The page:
So, here we have a censorious patriarchal society closing ranks, and closing down dissent from Indonesia's nascent, but very tentative, #MeToo movement before it even gets going. It does not bode well.

Women's soccer, in an age of American dominance

Throughout the recent FIFA Women's World Cup of Soccer, people have spent a lot of effort and journalists' time inspecting and reassessing their attitudes towards the team from the United States of America. We try to love them, but they make it very difficult.
The US women's soccer team is big and brash and beautiful (some of them anyway). As far as playing the game goes, they are just seem to be in a different league, so to speak, from everyone else. But they do seem - at least to everyone else - to have a bit of an attitude problem. From their 13-0 crushing of poor old Thailand in the opening rounds (and the excessive celebrations that met every single goal), they just make people bristle. In their defence, they argued that, hey, this is the World Cup, why would they not try their best to score as many goals as possible, whatever the competition looks like, but STILL...
Some of the players' comments after games have been, well, lacking in subtlety, humility and respect. And then, or course, every time star and captain Megan Rapinoe opens her mouth, she seems to offend someone, notwithstanding her outspoken hatred of Donald Trump, which most people around the world CAN relate to and sympathize with. That's just who she is: openly gay, and the loudest voice on the team calling for equal pay with the men, she is a larger than life presence both on and off the field. She is the Cristiano Ronaldo or Luis Suarez of the women's game. But STILL...
England had a good team and had a chance to beat them, at least theoretically. But some bad luck, a few iffy refereeing decisions, and some largely unwelcome and unfortunate interference from the Video Assistant Referee (VAR) put paid to that. Hell, even Canada might have done OK on a good day, had they not been knocked out by the Netherlands at an earlier stage, so we'll never really know. And even European Champions the Netherlands were not even able to hold the USA back when it came to the finals.
It seems like the USWNT will get their ticker tape parade through the streets of New York, but Megan Rapinoe has famously refused to go to The White House, even were they to be invited. Mr. Trump says she lacks respect, and she does. But it still might be quite fun to see two disrespectful braggarts going at each other.

Friday, July 05, 2019

Does Kawhi know he could pay less tax in Ontario than in California?

As all of Toronto (and most of the rest of Canada) continues to obsess over whether Kawhi Leonard will re-sign with the Raptors for another year (or five!), I wondered what the financial implications if the decision might be. Everyone automatically assumes that he will be taxed much more highly in Canada than he would be in California, but I know that is not necessarily the case, and that Canadian and American taxation is not that different overall. Anyway, luckily, someone has done the math for me (of course they have, it's the INTERNET).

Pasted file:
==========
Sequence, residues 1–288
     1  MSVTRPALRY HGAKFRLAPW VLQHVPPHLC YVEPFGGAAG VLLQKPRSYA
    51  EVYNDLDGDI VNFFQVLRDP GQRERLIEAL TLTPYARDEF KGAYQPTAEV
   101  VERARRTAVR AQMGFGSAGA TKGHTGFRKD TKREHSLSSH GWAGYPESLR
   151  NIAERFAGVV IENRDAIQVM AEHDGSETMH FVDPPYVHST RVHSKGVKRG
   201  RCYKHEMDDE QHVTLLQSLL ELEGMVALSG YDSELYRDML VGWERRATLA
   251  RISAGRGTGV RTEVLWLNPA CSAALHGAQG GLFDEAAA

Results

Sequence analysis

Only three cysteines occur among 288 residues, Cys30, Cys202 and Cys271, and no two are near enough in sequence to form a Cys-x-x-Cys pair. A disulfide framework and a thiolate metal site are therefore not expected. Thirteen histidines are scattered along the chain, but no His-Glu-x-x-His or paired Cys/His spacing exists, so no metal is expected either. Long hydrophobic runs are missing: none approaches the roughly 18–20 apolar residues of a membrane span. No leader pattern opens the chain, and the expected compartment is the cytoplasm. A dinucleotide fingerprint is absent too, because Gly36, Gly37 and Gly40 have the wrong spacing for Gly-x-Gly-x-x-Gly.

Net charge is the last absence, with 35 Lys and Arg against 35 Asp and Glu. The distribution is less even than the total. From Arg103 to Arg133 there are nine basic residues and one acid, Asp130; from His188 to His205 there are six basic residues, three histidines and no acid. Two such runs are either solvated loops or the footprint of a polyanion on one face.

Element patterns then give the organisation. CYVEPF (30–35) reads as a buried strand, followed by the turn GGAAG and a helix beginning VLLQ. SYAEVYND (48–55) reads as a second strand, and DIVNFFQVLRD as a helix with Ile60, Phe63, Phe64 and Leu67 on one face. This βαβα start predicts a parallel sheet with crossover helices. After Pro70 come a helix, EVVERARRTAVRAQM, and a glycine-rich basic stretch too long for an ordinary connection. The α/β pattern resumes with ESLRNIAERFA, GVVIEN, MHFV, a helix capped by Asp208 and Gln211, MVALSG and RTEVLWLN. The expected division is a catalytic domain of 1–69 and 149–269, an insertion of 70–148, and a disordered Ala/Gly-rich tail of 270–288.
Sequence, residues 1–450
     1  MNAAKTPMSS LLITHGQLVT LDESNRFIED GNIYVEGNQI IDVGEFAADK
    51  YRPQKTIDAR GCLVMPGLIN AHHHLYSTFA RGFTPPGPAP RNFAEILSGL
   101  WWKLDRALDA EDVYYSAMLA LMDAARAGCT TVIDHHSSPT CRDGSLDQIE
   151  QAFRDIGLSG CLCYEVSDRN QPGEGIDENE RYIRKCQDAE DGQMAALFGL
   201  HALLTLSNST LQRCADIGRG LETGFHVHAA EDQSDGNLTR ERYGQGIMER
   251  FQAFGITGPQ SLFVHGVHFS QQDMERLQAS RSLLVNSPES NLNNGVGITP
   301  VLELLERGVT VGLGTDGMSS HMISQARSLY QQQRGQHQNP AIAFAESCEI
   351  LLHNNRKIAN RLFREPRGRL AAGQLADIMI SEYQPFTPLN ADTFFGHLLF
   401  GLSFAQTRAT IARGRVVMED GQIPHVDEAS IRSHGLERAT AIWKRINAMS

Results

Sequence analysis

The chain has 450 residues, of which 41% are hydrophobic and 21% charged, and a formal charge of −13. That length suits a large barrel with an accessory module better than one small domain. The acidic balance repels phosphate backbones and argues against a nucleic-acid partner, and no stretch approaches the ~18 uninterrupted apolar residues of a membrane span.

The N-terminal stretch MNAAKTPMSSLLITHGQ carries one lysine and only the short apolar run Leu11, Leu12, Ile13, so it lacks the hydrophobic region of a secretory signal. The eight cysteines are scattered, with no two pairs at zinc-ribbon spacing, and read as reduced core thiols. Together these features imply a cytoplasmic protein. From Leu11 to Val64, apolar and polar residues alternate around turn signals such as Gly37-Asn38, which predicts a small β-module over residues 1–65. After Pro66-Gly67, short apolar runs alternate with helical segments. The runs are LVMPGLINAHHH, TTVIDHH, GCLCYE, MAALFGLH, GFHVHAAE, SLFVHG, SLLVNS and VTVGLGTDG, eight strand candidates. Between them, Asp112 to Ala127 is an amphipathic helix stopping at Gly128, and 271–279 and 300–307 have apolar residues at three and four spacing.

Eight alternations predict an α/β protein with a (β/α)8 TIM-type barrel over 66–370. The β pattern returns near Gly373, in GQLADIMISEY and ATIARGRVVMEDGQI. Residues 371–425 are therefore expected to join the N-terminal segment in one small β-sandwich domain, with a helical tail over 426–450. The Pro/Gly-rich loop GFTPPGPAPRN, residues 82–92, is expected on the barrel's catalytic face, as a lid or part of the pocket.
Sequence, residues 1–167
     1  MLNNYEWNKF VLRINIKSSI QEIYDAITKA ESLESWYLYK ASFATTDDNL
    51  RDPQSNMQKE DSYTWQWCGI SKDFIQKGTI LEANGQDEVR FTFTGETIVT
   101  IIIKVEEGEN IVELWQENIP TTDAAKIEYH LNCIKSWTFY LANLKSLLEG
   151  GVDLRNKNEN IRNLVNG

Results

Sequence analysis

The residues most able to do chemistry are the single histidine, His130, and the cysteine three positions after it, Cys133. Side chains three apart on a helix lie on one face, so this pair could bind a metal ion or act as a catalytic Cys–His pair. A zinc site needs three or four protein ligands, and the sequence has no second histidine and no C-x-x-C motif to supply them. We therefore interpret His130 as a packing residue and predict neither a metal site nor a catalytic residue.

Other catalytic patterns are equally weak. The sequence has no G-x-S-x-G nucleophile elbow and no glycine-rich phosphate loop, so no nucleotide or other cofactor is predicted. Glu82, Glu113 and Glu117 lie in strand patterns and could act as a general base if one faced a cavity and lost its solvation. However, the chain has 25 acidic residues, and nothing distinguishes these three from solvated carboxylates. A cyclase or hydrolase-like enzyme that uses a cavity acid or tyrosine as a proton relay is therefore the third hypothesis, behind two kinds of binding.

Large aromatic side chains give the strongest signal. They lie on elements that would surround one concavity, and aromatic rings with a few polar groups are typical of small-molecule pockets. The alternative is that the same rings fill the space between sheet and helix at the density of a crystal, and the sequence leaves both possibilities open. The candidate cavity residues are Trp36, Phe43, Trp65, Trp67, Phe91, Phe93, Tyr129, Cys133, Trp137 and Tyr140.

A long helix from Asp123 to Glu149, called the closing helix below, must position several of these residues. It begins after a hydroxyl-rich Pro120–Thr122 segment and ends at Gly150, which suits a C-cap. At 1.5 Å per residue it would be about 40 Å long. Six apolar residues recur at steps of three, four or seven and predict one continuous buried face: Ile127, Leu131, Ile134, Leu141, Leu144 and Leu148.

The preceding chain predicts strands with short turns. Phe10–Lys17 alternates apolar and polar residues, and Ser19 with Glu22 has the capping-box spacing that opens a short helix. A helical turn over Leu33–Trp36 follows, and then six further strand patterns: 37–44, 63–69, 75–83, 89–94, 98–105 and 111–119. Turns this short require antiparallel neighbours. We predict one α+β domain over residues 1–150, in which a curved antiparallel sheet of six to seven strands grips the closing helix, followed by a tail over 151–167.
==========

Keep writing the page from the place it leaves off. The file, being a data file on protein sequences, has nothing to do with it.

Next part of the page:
Tax guru and advisor to the rich and famous Tim Cestnick, with help from cross-border tax specialist Mark Feigenbaum, has looked at the income and tax implications of Kawhi's decision, and it seems like all is not lost. There may be some other minor professional and personal issues to take into account, but if it comes down to money, Mr. Leonard can sign on the dotted line tomorrow.
Toronto's offer is for US$146 million over 4 years (yeah, I know!), which is the equivalent of US$36.5 million a year. The Lakers and Clippers are offering a similar, but slightly lower, US$140 million over 4 years, or US35 million a year. Paying tax in Ontario, Canada (and the additional US taxes required) on $36.5 million would leave him with a paltry $17 million a year after taxes. However, California is also quite highly taxed, and paying taxes in California on $35 million would leave Kawhi with $17.4 million after tax, essentially on a par.
The kicker might be, though, that, under the NBA collective bargaining agreement, the Raptors could pay Kawhi a signing bonus of up to 15% of the total compensation, which would only attract a tax rate of 15%, if properly handled, which would effectively bring his take-home pay above that offered by the two California teams.
So, slam dunk!

Slam dunk? Not so much. Kawhi Leonard signed with the LA Clippers yesterday, (Danny Green also moved on). Probably nothing to do with the Canadian tax system, and probably nothing to do with the city itself. As the ever-wise Cathal Kelly advised just yesterday, we should not take this personally and, who knows, it may even be for the best.

Trump's Fourth of July military parade just par for the course now

Ah, America. What are we going to do with you?
I honestly thought that Donald Trump's extravagant and embarrassing Fourth of July military spectacle - a feat of personal hubris worthy of Azerbaijan or Nazi Germany or the Soviet Union at the height of the Cold War (the first one) - would be enough to give even his rabid supporters pause, to think that maybe the man has overstepped the mark. But no, they just lapped it up, teleprompter gaffes notwithstanding. Trump's approval ratings may be down in the low 40s, but those that do like him, like him a lot. Interviews with attendees suggest that they saw nothing inappropriate, experienced no cognitive dissonance, in the event.